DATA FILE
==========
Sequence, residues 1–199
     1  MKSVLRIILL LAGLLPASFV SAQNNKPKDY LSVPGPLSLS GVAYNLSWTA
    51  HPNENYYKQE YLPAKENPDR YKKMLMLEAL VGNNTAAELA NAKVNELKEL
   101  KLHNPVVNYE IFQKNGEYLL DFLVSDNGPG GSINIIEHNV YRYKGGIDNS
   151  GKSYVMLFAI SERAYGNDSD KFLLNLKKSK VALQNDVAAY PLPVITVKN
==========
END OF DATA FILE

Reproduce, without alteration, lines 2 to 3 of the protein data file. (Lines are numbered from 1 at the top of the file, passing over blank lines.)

     1  MKSVLRIILL LAGLLPASFV SAQNNKPKDY LSVPGPLSLS GVAYNLSWTA
    51  HPNENYYKQE YLPAKENPDR YKKMLMLEAL VGNNTAAELA NAKVNELKEL